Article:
Yaya Jammeh transformed into a media sensation 13 years ago for a reason different from his usual right violations.
Flanked by then aide Lamin Gano in an Aljazeera interview, Jammeh appeared calm as he bragged about his discovery of aids cure -an illness medical doctors are still to find remedy for to this day.
Drugs are diagnosed on patients as means of not containment but helping shed off the viral load.
Jammeh though, never been to a medical school, alleged to have found cure for HIV/Aids using natural herbs.
A treatment programme was announced over television and the leader who came to power through a military coup in 1994 offered unfettered access to the foreign press in sheer show of confidence that his cure was no occasion of showing off.
“I feel a great burden, a great sense of responsibility because if I fail them (aids patients), I would have disappointed them and the consequences would be very drastic and treating these people is no fun,” Jammeh said on 26th May 2007, fending off global headlines.
Wearing white gloves and clutching a glass containing oilmen, the then military man smeared it over an aid patient who lay on what looked like a hospital bed.
He had sought the services of Dr Tamsir Mbowe, the health minister at the time, who only spoke about him in exalted terms, to consolidate his treatment.
Sufferers of the ailment came from towns, some of them head of aids programmes to get a pip or get cured in a televised broadcast.
Samples are collected and reportedly evaluated to Morocco and Senegal prior to being returned and declared “cured” by Jammeh.
It’s 13 years since with the 55-year-old one-time State House occupant exiled in Equatorial Guinea and his aids patients still not healed.
An investigating commission last week made it its focus to probe into the authenticity of Jammeh’s aids cure by featuring testimonies of patients who underwent the former statesman’s treatment programme. The revelations were shocking.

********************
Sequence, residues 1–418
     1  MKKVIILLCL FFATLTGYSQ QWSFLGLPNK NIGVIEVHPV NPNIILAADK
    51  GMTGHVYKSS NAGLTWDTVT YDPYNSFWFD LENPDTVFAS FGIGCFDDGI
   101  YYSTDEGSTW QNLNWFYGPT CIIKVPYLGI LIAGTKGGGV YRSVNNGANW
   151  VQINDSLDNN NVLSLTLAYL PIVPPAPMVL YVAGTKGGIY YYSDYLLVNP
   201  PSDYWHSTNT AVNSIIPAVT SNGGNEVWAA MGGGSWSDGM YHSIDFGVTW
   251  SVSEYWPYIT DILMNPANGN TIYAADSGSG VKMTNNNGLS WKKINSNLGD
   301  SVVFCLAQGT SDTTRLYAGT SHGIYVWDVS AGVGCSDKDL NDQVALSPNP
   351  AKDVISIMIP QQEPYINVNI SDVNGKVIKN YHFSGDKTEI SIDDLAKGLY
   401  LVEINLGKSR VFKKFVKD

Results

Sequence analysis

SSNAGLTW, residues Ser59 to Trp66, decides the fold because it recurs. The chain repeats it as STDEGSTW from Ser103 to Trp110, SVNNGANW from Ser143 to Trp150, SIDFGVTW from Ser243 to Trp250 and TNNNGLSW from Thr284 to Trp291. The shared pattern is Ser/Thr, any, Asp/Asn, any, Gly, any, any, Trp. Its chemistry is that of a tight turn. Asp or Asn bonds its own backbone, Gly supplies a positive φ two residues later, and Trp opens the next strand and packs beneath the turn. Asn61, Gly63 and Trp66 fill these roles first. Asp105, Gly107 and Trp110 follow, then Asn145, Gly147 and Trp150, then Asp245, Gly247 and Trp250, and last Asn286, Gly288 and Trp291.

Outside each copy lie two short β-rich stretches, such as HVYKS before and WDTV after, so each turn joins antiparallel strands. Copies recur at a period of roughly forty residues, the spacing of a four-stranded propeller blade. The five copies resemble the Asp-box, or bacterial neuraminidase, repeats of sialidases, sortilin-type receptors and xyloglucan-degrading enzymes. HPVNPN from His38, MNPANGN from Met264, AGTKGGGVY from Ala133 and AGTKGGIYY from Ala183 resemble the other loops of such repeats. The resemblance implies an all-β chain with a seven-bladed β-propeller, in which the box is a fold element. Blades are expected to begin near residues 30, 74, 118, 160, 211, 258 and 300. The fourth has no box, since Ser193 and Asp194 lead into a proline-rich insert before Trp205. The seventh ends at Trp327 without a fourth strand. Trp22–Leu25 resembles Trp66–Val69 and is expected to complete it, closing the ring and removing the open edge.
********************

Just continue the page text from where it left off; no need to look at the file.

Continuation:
Rubbing Private Parts
From snippets of the cure featured on state-controlled GRTS, patients were seen donning white singlets and being massaged with oil-like concoction by Jammeh and doctors, some of them Cubans.
However, Fatou M. Jatta, a self-confessed HIV patient narrates more occurred than meets the eye.
“I was then asked to lie on the stretcher face down. Jammeh was carrying a bottle of his cure and began rubbing it on my body along with a certain Cuban doctor. He rubbed it on my private parts and every part of me,” mother-of-one Ms. Jatta told commissioners.
According to her, she felt unconscious soon after.
“I began feeling unconscious. Then Jammeh scooped from a bucket liquid and gave me to drink. Then I was made to lie down on a mat. That is start of my problems,” Jatta, who’d spent six months at the president’s programme, elucidated.
Waiving her right to anonymity unlike a previous protected witness who testified, Jatta recounted how her and other sufferers samples were taken and mixed with blood tests of Jammeh’s guards who never had the disease in concealment efforts.
A footage of Jatta extolling Jammeh in 2007 for “helping cure her” was played at the truth-seeking commission’s hearing which she said was doctored behind the scenes.
“No one dared said anything negative about him (Jammeh). I was given a paper to read from and coached on what to say. You couldn’t afford to say anything that was negative. The treatment wasn’t true. Those who went to his treatment came back sicker. There was even a batch who when Jammeh’s declared them “undetectable” got sick and died soon after,” she said, revealing her viral load dramatically soared after she’d gone on for a routine check-up to confirm her status.
“Seven died during the treatment. Two others died after the treatment. He (Jammeh) was bent on deceiving people and the entire world into believing he was endowed with powers no one had. I lost my job and position as a result and it had an effect on my family,” she said.